Neuroscience

Brain has natural noise-cancelling circuit

To ensure that a mouse hears the sounds of an approaching cat better than it hears the sounds its own footsteps make, the mouse's brain has a built-in noise-cancelling circuit.

Neuroscience

Increased corticomotor excitability ID'd in restless legs

(HealthDay)—For patients with restless leg syndrome (RLS), the primary motor cortex (M1) exhibits hyperexcitability, which is associated with disease severity, according to a study published recently in Sleep Medicine.

Neuroscience

Motor control—how the brain responds to unexpected situations

Scientists have demonstrated that the motor cortex is necessary for the execution of corrective movements in response to unexpected changes of sensory input, but not when the same movements are executed spontaneously. Signatures ...

Neuroscience

Personalizing therapeutic brain stimulation

A study of epilepsy patients with implanted electrodes provides an unprecedented view of the changes in brain activity created by electrical stimulation. These findings, published in JNeurosci, have the potential to improve ...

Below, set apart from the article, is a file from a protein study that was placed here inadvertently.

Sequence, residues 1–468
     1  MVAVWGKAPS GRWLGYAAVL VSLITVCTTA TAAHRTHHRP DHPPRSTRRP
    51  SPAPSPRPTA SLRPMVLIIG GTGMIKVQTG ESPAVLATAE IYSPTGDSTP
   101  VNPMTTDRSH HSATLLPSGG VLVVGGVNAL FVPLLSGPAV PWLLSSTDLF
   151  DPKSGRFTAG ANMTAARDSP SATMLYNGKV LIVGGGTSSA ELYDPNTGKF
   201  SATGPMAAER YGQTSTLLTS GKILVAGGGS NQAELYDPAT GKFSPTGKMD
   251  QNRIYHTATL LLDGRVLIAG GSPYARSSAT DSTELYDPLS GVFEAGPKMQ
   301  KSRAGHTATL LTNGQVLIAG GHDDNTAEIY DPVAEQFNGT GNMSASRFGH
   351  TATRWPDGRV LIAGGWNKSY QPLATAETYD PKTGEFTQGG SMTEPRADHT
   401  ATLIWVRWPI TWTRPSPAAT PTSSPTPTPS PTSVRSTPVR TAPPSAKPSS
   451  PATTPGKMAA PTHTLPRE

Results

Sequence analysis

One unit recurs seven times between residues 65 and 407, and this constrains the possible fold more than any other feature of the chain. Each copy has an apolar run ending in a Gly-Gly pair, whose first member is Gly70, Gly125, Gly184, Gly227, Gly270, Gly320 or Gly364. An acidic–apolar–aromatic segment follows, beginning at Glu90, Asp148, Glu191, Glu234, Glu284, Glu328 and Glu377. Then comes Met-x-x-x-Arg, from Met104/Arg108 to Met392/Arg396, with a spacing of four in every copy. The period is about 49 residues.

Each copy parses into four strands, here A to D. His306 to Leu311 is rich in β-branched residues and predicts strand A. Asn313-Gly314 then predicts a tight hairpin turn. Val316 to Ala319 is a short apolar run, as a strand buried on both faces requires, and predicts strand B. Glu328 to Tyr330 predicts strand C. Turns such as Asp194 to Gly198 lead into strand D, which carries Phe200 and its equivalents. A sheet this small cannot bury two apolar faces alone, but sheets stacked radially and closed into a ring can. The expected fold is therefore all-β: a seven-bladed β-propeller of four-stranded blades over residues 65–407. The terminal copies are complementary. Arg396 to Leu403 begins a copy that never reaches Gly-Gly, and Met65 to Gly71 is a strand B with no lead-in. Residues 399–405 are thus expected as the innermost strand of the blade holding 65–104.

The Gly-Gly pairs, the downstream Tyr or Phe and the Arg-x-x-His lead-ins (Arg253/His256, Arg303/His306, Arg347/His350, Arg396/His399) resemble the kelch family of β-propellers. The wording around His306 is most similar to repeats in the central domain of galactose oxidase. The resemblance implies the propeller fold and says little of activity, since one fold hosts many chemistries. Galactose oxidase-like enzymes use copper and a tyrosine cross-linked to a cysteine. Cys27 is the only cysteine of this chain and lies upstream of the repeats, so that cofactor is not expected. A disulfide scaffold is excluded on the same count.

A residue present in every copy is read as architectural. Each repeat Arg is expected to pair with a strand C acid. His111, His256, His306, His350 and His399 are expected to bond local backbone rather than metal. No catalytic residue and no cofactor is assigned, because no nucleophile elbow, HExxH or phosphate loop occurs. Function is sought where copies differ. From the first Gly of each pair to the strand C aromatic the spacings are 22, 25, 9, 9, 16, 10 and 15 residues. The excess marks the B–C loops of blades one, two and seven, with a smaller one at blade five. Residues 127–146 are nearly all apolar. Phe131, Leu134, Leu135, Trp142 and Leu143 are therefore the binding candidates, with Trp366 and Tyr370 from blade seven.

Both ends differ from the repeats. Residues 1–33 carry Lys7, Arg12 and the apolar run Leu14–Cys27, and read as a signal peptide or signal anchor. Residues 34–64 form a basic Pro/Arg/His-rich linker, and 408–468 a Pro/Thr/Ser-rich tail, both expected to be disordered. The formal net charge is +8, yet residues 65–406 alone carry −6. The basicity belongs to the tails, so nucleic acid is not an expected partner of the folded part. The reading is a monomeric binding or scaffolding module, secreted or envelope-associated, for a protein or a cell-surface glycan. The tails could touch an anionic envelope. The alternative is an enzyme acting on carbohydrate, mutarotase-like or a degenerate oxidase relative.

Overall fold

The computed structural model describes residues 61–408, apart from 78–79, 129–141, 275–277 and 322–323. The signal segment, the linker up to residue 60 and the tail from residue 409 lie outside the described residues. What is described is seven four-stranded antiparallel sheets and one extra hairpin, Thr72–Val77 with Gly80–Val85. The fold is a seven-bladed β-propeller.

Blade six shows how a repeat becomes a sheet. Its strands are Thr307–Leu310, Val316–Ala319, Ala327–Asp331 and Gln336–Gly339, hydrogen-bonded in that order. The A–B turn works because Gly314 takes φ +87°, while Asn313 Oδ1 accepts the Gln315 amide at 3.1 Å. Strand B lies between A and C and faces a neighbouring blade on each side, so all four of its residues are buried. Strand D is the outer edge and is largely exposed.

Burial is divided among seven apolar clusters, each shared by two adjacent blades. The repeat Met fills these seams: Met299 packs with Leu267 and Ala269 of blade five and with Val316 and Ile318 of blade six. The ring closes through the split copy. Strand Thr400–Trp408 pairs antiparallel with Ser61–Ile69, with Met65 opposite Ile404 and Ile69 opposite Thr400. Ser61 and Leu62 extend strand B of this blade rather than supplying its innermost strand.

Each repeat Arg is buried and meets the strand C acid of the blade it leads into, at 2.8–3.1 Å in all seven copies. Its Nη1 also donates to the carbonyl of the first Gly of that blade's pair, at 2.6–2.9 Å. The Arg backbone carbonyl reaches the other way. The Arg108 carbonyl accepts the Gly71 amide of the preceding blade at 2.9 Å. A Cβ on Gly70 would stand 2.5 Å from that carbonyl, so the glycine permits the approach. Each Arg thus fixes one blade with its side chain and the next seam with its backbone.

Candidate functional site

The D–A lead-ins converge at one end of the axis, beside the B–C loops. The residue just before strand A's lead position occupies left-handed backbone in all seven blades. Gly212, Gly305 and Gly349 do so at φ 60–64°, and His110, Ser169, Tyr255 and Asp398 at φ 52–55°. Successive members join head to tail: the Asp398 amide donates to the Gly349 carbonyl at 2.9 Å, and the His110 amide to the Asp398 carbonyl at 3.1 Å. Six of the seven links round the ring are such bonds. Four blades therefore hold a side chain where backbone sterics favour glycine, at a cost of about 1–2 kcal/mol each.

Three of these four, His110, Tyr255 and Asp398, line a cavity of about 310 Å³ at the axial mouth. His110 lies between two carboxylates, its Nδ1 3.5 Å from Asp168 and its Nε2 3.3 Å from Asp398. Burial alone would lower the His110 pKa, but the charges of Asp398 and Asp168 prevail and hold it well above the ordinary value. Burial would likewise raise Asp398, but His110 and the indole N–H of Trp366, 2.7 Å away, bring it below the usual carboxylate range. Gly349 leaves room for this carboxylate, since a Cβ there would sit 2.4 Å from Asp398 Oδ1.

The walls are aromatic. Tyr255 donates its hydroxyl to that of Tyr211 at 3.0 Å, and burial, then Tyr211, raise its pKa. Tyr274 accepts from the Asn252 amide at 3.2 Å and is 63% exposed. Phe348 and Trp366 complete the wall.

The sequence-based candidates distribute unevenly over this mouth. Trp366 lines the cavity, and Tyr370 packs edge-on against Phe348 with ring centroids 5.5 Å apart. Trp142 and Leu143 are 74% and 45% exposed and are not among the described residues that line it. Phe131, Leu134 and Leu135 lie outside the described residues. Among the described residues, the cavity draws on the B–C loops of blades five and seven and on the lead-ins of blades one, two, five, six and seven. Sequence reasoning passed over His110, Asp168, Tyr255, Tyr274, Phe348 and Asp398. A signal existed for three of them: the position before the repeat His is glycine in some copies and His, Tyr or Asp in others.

Attention deficit disorders

Anomalous brain structure ID'd in preschoolers with ADHD

(HealthDay)—Anomalous brain development is evident among medication-naive preschoolers with attention-deficit/hyperactivity disorder (ADHD), according to a study published in the April issue of the Journal of the International ...

Neuroscience

Why does sleep become disrupted in old age?

The brain maintains its ability to generate local neural oscillations during sleep throughout the lifespan, according to a study of young and old mice published in JNeurosci. The research indicates that age-related disruptions ...

Neuroscience

Retraining the brain's vision center to take action

Neuroscientists have demonstrated the astounding flexibility of the brain by training neurons that normally process input from the eyes to develop new skills, in this case, to control a computer-generated tone.

Neuroscience

Mice, motor learning, and making decisions

Early understandings of the brain viewed it as a black box that takes sensory input and generates a motor response, with the in-between functioning of the brain as a mystery.

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